Legislation that would have legalized physician-assisted suicide in the state of California has been withdrawn from consideration this year.
Although the bill passed the state Senate last month, it was stalled in the Assembly Health Committee. It was withdrawn by its authors before an expected vote by that committee on July 7.
Catholic groups were among those that advocated vigorously against the legislation.
The California Catholic Conference issued this statement: "We are very pleased at the outcome and grateful for the hard work done by the assembled coalition at Californians Against Assisted Suicide. The physicians, health care workers, disabled advocates, religious groups and others who came together to oppose the bill was key to the success of the campaign and we are proud to have played a role in that long-standing coalition."
Among the Catholic leaders who opposed the legislation was Oakland Bishop Michael C. Barber, SJ, who said in a statement last month, "The sick, elderly and dying deserve our love and support until the moment God calls them to Himself. They deserve better than killing, whether at the hands of their physician, or by their own hands."
In addition to phone calls and emails, opponents made personal visits to legislators and their staffs. In Oakland, the message was carried June 22 by a physician and chaplain who specializes in palliative care, two priests and the diocesan social justice coordinator to staff members of East Bay Assembly member Tony Thurmond, who is a member of that Assembly Health Committee.
Mary Nicely, district director for Thurmond, D-Oakland, heard from Dr. LaVera Crawley, a medical doctor who serves as palliative care chaplain at Alta Bates Summit Medical Center, Rev. Aidan McAleenan of St. Columba Church in Oakland, Rev. Ramiro Flores of St. Mark Church in Richmond, and John Watkins, from the diocese.
A doctor's prescription for death-inducing drugs "won't improve the end-of-life experience, especially for elderly patients," Crawley said.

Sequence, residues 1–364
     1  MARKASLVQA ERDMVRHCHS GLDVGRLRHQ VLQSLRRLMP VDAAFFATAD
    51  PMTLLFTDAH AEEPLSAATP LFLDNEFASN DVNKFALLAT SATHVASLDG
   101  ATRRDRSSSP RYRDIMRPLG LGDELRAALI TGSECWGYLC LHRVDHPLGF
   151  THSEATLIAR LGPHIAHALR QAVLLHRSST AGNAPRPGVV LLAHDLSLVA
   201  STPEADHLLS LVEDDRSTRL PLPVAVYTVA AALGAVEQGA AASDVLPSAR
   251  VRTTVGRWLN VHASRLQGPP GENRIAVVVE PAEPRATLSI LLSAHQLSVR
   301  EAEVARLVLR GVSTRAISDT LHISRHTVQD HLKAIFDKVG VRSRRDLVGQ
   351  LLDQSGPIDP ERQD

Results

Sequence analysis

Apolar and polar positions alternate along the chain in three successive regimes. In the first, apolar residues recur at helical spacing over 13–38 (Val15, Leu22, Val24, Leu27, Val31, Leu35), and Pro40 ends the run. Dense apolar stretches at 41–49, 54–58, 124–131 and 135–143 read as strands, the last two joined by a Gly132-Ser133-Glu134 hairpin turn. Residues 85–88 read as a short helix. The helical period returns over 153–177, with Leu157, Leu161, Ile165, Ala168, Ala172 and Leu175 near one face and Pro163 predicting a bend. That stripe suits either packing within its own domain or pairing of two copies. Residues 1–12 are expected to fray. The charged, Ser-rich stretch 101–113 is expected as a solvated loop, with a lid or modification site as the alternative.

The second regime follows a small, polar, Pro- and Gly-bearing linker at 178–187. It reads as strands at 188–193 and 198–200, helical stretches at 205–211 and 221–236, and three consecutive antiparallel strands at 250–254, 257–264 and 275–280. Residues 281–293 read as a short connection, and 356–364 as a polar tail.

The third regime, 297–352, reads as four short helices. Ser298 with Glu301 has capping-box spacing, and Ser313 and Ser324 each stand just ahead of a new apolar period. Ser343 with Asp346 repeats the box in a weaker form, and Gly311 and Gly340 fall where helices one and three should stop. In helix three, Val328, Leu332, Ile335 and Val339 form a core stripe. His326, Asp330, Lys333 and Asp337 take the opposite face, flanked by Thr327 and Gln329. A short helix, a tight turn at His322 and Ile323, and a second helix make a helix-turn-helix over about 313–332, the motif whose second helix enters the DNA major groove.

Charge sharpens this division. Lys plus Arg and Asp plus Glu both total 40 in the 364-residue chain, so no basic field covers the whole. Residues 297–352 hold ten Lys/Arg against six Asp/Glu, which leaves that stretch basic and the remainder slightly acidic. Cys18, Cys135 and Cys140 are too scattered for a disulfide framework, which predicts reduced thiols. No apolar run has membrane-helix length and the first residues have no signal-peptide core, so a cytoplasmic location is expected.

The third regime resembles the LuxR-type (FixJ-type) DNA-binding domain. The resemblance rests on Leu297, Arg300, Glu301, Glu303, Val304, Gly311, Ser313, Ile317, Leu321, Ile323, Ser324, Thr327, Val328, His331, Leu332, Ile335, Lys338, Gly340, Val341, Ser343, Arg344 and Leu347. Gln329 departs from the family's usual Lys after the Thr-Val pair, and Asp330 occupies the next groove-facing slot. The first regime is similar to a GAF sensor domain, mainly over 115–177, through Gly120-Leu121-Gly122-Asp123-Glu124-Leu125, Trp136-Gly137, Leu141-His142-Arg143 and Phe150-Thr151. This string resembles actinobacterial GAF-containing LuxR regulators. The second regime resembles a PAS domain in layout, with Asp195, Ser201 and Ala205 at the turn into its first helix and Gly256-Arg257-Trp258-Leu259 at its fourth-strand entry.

Crawley, whose experience in palliative care goes back to 1997, said. "There's no reason for anyone to face these last moments in pain."
She called the pending legislation short-sighted. "There's so much more we can do," she said. More resources could be directed toward palliative care — which she described as a holistic approach to provide comfort and relief of suffering — including making palliative care available in public hospitals.
"I fear mostly for the poor and those who aren't covered (by insurance)," said Father McAleenan.
Father Flores, who said he has "seen so many injustices in health care," said it would be "so easy" for health care systems to push for the suicide choice after telling people, "You have no more options," he said.
If assisted suicide becomes the law in California, Father McAleenan said, "Where do we go from here? It's a slippery slope."
Thurmond had not stated his position on the pending legislation that was pulled from his committee on July 7, Nicely said.
She did say that his office received thousands of phone calls, emails and comments on its website from both supporters and opponents of the legislation.
"They do matter," Nicely said. "The thing that matters is that they are our constituents."
That outpouring mattered, too, to Watkins, who coordinates the diocesan life and justice ministry.
"I was so grateful for the enthusiastic support from the bishop, clergy and lay Catholics in defeating this bill," Watkins said. "I felt strangely confident during our legislative visits with (Assembly member Rob) Bonta and Thurmond because I knew that we were not acting alone.
"We had hundreds of Catholics from the diocese contacting Bonta and Thurmond by email and by phone and I personally heard from a number of clergy and lay Catholics who were praying intensely for our visit."
That intensive effort may be called upon once again. The measure is expected to go to next year's legislative calendar.
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